Be Prepared for an ‘Ambush’

By Staff Report

Dec. 29, 2015

In April 2015, the National Labor Relations Board implemented a controversial new union election rule shortening the period between filing a union petition with the NLRB and the election. Pundits have dubbed it the “Ambush Rule,” because it potentiallyenables unions to take advantage of unsuspecting or unprepared employers.

The rule has indeed produced shortened campaigns, faster elections and loss of rights to appeal NLRB decisions. However, NLRB data show that the streamlined election process has not yet resulted in a significant increase in the rate of unionization.

Highlights of the Ambush Rule include:Legal Ambush January 2016

Unions can file petitions with the NLRB and serve them on employers electronically, which speeds up the process.

The employer is now required to post and distribute the NLRB’s election notice to its employees by email.

A hearing concerning the sufficiency of a petition and related issues is now scheduled eight days after the union files the petition.

Employers are required to file pre-hearing position statements. Any issue not raised by the employer in writing is waived.

The petition statement must identify all employees in the bargaining unit by name, work location, shift and job classification, providing critical information to the union.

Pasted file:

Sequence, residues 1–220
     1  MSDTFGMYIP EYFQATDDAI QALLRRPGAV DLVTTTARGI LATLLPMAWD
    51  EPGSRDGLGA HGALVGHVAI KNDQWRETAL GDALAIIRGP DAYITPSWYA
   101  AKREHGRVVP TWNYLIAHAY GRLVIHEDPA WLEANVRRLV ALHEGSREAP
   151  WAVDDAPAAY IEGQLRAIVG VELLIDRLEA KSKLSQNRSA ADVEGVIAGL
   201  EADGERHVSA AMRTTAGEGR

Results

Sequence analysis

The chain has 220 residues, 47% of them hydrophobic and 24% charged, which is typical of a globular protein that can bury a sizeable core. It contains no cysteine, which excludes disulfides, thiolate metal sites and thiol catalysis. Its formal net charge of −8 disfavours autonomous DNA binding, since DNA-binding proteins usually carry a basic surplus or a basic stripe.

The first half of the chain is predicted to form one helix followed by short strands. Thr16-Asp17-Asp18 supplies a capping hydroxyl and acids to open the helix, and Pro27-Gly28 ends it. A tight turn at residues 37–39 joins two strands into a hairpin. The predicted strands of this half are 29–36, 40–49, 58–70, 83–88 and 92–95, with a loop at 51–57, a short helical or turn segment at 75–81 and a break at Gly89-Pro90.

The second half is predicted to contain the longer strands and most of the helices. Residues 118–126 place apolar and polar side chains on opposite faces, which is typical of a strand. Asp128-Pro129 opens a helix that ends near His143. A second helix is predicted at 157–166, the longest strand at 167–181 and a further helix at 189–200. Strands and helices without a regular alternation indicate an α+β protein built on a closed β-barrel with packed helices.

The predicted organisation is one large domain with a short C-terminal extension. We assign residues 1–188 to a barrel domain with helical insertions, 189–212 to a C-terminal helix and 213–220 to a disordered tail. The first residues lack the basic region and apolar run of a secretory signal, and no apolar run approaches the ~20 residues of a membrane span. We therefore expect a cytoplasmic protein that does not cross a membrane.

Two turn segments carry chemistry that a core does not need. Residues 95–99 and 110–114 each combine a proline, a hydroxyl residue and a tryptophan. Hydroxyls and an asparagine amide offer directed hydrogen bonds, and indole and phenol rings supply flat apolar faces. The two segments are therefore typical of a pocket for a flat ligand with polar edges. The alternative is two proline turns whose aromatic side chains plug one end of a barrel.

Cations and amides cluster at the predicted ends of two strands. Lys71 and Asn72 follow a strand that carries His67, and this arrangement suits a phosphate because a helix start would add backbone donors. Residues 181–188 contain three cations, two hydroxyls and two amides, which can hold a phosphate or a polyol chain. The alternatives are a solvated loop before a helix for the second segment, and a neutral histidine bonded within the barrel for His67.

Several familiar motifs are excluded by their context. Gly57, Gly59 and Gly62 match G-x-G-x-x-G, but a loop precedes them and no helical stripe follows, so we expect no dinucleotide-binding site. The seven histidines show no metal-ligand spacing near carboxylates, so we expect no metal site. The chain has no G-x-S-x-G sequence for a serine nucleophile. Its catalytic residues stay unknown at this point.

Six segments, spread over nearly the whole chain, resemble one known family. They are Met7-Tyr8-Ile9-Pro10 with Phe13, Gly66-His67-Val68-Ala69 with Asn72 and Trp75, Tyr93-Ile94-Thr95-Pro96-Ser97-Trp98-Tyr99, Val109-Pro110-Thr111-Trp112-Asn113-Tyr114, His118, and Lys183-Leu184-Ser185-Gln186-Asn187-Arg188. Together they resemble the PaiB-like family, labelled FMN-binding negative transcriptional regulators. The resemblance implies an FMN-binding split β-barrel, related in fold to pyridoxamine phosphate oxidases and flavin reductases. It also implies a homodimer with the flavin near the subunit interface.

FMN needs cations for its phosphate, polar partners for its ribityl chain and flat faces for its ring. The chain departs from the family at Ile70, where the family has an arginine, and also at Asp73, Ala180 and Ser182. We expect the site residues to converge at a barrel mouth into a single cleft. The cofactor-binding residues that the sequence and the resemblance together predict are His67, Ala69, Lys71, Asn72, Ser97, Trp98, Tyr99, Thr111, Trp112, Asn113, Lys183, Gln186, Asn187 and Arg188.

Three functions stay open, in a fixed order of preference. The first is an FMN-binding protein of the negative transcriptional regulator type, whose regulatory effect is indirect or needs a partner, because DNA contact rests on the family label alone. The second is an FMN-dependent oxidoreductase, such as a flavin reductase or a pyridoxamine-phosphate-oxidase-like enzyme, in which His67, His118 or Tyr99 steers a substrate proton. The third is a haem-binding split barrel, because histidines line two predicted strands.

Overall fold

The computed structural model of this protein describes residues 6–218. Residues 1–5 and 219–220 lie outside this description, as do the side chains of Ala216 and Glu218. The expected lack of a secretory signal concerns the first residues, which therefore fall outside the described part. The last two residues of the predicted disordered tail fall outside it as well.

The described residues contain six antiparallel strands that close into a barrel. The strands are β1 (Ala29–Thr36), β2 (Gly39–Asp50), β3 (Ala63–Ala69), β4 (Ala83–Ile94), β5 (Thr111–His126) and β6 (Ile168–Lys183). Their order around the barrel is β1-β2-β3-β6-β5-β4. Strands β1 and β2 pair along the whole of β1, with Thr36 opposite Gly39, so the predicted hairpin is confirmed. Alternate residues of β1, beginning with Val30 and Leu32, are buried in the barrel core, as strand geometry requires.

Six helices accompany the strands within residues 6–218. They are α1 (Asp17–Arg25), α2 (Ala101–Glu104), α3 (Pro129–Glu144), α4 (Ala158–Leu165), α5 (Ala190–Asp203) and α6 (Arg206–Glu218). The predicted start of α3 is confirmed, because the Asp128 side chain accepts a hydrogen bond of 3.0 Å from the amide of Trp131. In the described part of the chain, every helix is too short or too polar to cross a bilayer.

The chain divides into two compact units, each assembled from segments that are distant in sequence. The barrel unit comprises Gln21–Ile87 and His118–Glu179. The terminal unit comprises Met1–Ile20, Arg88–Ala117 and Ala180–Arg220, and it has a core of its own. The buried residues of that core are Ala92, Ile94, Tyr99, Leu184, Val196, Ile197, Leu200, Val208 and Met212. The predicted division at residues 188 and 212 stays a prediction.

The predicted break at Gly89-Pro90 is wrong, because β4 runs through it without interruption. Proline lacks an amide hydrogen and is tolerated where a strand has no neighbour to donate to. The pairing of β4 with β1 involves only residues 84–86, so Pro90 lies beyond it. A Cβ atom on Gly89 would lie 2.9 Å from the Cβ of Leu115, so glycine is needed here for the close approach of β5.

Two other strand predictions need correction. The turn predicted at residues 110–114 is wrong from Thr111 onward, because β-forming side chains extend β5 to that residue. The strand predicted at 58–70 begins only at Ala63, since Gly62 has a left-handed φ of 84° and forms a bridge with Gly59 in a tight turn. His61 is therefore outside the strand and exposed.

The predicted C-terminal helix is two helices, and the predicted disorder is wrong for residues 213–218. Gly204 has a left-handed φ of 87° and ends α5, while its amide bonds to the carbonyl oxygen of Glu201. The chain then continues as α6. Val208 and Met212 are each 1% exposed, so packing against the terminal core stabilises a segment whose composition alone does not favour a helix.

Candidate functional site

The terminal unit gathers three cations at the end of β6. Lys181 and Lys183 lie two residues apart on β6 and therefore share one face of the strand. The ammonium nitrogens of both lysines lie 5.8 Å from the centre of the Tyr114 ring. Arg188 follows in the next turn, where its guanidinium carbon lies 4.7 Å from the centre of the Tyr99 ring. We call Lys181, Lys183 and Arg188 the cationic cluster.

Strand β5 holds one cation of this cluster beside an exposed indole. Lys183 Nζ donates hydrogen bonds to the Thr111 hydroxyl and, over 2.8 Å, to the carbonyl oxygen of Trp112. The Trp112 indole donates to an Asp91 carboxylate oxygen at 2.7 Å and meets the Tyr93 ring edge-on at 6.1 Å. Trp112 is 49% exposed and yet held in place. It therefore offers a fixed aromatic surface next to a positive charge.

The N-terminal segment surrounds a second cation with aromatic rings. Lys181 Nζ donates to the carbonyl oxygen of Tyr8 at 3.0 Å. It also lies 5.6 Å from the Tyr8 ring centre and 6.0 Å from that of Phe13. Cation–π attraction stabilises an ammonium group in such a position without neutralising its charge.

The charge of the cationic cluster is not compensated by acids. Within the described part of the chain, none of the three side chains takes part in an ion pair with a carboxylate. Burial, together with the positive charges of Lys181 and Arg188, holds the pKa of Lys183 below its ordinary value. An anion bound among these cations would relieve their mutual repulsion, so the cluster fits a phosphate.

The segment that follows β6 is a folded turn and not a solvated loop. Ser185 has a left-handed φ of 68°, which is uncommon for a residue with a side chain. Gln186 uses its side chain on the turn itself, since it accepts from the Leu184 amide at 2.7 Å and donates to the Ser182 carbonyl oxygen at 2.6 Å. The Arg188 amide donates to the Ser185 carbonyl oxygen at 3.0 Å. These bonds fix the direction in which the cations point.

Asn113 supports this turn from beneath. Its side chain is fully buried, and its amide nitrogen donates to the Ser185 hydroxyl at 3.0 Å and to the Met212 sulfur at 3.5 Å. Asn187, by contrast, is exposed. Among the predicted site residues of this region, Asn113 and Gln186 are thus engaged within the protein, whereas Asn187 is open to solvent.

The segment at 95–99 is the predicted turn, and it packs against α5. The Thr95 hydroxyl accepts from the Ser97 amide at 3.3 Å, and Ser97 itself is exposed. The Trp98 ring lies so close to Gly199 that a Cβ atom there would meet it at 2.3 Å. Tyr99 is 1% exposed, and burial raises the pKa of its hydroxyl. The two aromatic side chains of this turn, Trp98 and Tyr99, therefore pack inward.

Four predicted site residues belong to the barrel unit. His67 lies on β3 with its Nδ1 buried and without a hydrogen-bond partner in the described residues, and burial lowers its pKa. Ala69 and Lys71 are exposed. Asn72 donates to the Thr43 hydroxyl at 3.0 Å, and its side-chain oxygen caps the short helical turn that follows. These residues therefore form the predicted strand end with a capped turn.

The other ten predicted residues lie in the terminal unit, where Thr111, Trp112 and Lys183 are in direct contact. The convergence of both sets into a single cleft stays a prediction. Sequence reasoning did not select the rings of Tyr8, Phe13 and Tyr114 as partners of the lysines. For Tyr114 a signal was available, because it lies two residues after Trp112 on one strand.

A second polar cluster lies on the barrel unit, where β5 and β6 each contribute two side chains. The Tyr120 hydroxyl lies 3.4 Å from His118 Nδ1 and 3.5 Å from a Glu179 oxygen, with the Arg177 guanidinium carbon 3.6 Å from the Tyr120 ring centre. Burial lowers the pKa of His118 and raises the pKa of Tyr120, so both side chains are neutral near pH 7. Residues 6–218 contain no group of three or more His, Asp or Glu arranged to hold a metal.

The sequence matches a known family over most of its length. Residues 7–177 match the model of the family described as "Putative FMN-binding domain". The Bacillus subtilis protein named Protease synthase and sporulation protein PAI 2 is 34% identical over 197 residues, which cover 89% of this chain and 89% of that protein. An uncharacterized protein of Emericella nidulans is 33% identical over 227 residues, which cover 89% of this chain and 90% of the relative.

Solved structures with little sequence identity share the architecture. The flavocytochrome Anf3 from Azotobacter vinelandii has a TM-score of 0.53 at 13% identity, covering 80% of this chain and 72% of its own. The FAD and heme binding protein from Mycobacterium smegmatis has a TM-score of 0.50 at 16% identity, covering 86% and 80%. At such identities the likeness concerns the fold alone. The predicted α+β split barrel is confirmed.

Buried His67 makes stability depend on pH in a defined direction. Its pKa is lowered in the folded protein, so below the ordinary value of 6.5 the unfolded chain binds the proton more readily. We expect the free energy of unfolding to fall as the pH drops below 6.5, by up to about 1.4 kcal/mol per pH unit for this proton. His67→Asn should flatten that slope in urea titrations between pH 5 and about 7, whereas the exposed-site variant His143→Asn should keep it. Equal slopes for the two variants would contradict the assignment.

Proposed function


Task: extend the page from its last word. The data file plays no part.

Elections are required to be held “at the earliest date practicable” after the regional director issues a decision and direction of election.

Under prior NLRB election rules, unions were required to wait a minimum of 25 days between the petition and election, but the median period was 38 days. Under the new rule, there is no time frame specified, but the NLRB reports that the median delay between petition and election is 23 days. This leaves employers with 40 percent less time to educate employees about the negative aspects of unionization before the employees are required to vote in an election.

The compressed election cycle is believed by many to give a tactical advantage to the unions. According to NLRB spokeswoman Jessica Kahanek, for the month prior to April 14, 2015 (the effective date of the new rule), unions filed 212 petitions. For the month after that date, unions filed 280 petitions — a 32 percent increase and an apparent preference to proceed under the new rule.

While only a few hundred elections have been conducted under the new rule, NLRB data suggests that, at leastcurrently, unions are not prevailing in elections at a greater rate than before the adoption of the rule. For June and July 2015, 277 representation election petitions were held (with the petition filed by the union or the employees), with the unions prevailing in 191, a 69 percent success rate. For June and July 2014, the unions prevailed in 145 of 214 elections based on representation election petitions, a 68 percent success rate. For the same period in 2013, unions prevailed in 66 percent of 208 elections. Thus, while unionization rates appear to be slightly higher overall, there is no evidence that this is the result of the Ambush Rule.